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Advocates give group its mandate at Coquitlam homelessness forum

Low Entropy needs to find ways to build a community hub for the Tri-City homeless, provide more mental health supports and create more affordable housing, participants told the nonprofit.

As BC Housing and Tri-City homelessness advocates scramble to find new space for the Extreme Weather Response Shelter (EWRS) this fall while the Kyle Centre in Port Moody undergoes renovations, a non-profit group is narrowing its outreach targets on how to help the community’s “unhoused friends.”

Today, March 1, the Low Entropy Foundation hosted its inaugural homelessness forum with more than 70 participants — including civic politicians, social workers and those with lived experiences — to identify where the non-profit group and its volunteers can focus their resources.

About 160 people in the Tri-Cities are unhoused, according to a homelessness count last year, and more youth and seniors are on the list than in previous years.

Attendees at the hour-long brainstorming session at the City Centre branch of the Coquitlam Public Library zeroed in on three priorities:

  • build a community hub with showers and a laundry service
  • provide more mental health supports
  • create more affordable housing

Other ideas for helping the homeless included:

  • offering cell phones
  • ensuring shelter staff are trained
  • having free legal advice available
  • retrofitting unused recreational vehicles
  • providing pet-friendly modular homes
  • requiring clearer communications between agencies

While the mayors of Coquitlam, Port Coquitlam and Port Moody did not attend, PoCo Coun. Glenn Pollock, Port Moody Coun. Haven Lurbiecki (a former policy analyst with the First Nations Health Authority) and SD43 Trustee Jennifer Blatherwick were on hand to listen to the stories from the audience, which included the foundation’s new board chair Ed Hall, a former chief of the kʷikʷəƛ̓əm (Kwikwetlem) First Nation.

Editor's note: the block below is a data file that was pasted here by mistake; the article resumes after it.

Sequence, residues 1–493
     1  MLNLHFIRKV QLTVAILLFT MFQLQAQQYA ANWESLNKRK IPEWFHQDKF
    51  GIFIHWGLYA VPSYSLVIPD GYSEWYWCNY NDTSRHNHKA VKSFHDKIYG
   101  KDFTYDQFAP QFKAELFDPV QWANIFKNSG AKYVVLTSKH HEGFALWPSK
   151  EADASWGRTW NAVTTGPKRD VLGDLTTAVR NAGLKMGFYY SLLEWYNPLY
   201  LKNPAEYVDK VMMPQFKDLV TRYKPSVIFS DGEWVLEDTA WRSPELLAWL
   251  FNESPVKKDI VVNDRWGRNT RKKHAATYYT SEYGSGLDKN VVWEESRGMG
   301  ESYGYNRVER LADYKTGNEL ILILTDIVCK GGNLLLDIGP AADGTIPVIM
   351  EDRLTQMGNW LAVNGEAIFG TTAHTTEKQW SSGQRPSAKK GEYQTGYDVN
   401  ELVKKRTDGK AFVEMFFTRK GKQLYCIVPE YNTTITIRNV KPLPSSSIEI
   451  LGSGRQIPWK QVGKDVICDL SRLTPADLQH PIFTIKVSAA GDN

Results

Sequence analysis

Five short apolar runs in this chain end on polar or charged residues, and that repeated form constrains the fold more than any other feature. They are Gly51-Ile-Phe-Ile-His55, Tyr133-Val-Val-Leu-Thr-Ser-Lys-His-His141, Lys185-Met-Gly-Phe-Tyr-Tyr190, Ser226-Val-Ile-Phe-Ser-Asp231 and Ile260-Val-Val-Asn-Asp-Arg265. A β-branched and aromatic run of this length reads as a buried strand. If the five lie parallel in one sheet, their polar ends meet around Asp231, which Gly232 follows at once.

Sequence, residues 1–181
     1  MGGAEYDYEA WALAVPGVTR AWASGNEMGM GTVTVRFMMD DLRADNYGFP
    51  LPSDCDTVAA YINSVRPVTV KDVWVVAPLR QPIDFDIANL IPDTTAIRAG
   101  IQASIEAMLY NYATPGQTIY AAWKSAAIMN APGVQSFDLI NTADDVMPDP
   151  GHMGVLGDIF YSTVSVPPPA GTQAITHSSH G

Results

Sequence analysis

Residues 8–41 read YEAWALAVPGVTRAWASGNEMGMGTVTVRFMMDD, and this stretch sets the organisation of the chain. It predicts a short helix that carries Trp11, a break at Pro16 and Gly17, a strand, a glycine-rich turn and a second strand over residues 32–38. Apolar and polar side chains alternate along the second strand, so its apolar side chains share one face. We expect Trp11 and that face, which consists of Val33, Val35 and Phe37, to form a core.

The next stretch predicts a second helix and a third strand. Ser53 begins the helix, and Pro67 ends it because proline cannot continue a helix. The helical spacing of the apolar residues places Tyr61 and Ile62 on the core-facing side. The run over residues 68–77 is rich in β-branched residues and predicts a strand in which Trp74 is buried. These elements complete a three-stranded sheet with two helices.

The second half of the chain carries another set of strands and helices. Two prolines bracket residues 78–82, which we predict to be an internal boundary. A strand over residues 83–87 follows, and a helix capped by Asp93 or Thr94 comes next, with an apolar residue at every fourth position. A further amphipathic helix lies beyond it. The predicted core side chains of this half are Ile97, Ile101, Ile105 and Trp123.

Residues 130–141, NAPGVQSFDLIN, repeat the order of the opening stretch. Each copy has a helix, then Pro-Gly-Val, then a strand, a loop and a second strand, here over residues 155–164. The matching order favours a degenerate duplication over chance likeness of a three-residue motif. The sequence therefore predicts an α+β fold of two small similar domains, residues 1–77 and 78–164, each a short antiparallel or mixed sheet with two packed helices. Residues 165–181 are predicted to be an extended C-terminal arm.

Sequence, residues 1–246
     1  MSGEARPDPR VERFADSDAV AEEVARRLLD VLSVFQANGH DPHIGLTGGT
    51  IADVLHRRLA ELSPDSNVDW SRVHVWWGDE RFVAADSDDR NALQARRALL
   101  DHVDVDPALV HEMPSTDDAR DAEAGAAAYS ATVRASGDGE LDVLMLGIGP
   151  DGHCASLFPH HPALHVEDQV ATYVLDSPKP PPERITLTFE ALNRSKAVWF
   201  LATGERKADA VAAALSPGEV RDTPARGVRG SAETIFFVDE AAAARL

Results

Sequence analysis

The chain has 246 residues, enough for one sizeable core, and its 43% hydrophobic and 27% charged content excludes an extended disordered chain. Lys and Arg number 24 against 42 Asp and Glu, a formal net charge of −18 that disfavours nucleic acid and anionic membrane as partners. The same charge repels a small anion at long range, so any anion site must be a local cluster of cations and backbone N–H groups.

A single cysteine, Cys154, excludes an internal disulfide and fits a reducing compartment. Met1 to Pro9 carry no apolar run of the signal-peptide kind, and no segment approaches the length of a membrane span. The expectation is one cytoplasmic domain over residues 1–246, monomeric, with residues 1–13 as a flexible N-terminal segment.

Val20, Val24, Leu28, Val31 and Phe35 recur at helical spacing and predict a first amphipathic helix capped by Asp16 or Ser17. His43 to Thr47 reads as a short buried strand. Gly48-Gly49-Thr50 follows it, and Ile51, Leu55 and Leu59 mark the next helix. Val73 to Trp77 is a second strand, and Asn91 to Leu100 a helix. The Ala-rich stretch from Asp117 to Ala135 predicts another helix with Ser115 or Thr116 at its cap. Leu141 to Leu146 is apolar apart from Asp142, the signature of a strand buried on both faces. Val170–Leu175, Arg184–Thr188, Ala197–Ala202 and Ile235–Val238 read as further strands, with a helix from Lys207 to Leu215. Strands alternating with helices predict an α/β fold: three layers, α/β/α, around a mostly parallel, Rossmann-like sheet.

Vanessa Wideski, a co-executive director for Low Entropy, told the Tri-City News she was pleased with the turn-out, but wasn’t surprised given the need.

“The community is invested and wants to help out,” she said, noting the foundation is now waiting to see if its federal grant application is successful.

A man who is without a home told the crowd that, with the cost of housing, street people would be less than the response cycle that’s happening today.

He called on politicians, emergency personnel and health professionals to “treat us like humans.”

A manager at The Alex in Port Coquitlam — a rental facility for women and their children under the Atira Women’s Resource Society that just marked its first anniversary — said the demand for affordable housing is real in Metro Vancouver.

Yesterday, Feb. 29, she said, she turned away three families and sent them looking for accommodations in Surrey and Vancouver.

Still, she’s buoyed that the community is coming together to find solutions. “It gives me so much hope.”

As for the Extreme Weather Response Shelter at the Kyle Centre, it closes April 15, 2024; however, a spokesperson for BC Housing told the Tri-City News that shelter funding will continue for the 2024–25 season.

To learn more about Low Entropy, donate or volunteer, you can visit the foundation’s website.